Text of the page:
- Feds ask judge to impose $6.5 million punishment for Cape surgeon (12/7/17)9
- Harbor Freight Tools plans to move ahead with Cape Girardeau store (12/5/17)2
- Light and music show: Jackson family goes high-tech with Christmas display (12/11/17)
- Former Wimpy's Drive-In owner Freeman Lewis dies (12/9/17)2
- Makeover at the movies: Transformation complete inside Cape theater (12/8/17)4
- Sugarfire Cape barbecue restaurant to open June 2018 (12/7/17)
- Jury convicts Scott City man who confessed to murder; girlfriend's testimony corroborates confession (12/9/17)
- Pedestrian struck on Broadway (12/11/17)4
- Business Notebook: Yule Log Cabin gets home feel honestly (12/4/17)
- Fruitland Army veteran spends weeks helping in ravaged Puerto Rico (12/5/17)2
Energy independence is the goal
To the editor:
Jack H. Knowlan Sr. made some interesting points in his op-ed column regarding ethanol production, but he's missing the big picture. Using ethanol or other alternative fuels is about energy independence, which should be our national goal. The alternative is paying $6 a gallon for gasoline, as Europeans are doing, and leaving our economy at the mercy of Mideast despots, which is no choice at all.
Brazil, which already has achieved energy independence, produces ethanol from sugar cane.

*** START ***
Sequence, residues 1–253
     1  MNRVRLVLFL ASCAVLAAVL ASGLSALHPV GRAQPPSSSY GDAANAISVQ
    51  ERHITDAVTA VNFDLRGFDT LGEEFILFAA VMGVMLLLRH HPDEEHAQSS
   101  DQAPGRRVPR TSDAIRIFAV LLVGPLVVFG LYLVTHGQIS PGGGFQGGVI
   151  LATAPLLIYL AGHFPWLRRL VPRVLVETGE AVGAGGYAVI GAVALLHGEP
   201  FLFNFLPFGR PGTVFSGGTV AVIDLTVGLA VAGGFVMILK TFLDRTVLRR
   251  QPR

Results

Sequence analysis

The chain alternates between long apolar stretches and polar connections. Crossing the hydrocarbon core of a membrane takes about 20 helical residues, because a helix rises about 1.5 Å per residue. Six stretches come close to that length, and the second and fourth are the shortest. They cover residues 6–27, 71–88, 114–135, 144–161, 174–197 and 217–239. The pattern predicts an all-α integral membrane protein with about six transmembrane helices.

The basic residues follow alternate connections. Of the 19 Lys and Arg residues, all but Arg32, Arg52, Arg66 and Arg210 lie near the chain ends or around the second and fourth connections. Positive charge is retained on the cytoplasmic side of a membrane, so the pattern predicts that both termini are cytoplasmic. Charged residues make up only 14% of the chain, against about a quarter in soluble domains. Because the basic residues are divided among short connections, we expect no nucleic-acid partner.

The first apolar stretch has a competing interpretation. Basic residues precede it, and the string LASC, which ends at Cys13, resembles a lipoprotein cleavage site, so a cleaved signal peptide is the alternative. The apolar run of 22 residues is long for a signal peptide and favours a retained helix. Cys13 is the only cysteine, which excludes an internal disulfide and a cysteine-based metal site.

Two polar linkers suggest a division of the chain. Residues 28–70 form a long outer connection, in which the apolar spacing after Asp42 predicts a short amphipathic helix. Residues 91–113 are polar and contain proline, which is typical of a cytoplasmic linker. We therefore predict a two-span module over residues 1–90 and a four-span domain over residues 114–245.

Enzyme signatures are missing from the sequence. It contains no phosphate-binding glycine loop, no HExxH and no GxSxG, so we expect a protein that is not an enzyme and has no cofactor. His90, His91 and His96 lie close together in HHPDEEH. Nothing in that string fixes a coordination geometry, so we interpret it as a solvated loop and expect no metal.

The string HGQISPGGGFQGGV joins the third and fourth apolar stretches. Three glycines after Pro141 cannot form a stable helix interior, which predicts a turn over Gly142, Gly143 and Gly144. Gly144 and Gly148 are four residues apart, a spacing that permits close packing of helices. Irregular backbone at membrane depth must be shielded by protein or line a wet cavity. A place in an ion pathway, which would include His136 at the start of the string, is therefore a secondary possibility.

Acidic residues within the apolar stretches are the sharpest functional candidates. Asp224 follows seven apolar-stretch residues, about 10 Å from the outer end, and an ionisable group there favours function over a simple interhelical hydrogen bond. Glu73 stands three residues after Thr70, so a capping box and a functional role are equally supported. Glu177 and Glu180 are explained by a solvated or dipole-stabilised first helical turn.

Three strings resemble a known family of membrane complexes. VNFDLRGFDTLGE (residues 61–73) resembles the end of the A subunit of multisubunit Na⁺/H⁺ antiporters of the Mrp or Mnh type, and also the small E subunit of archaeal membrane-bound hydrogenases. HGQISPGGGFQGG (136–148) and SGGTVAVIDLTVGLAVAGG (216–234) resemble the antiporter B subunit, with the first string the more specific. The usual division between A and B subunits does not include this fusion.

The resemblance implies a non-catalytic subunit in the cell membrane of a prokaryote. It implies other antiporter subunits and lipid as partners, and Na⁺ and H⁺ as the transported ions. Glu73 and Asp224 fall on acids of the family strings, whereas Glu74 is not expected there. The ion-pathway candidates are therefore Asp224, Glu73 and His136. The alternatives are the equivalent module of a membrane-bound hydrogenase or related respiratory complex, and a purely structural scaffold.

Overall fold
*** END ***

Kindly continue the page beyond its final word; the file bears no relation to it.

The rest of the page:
The news stories I'm seeing on the Internet say ethanol may not be cheaper and may not produce as much mileage as pure gasoline, though I recently got my best highway mileage ever using a 10 percent ethanol mix. But it's a fuel we can produce ourselves. We have the acreage to do it. And it will be an economic boon.
Meanwhile, auto manufacturers are promising more flex cars that run on either gasoline or an 85 percent ethanol blend. They are producing more and cheaper hybrid models. An independent company says it has a rechargeable battery that will power a compact vehicle 500 miles on a single charge. New York and California will soon allow natural-gas cars that you refill from your own gas line. More and better diesel models will be coming out next year. More ethanol plants are being constructed, and older plants are expanding.
The solution will be a mixture of alternatives. It will be on of our greatest challenges, and one of our most exciting.
W.K. ZELLMER, Cape Girardeau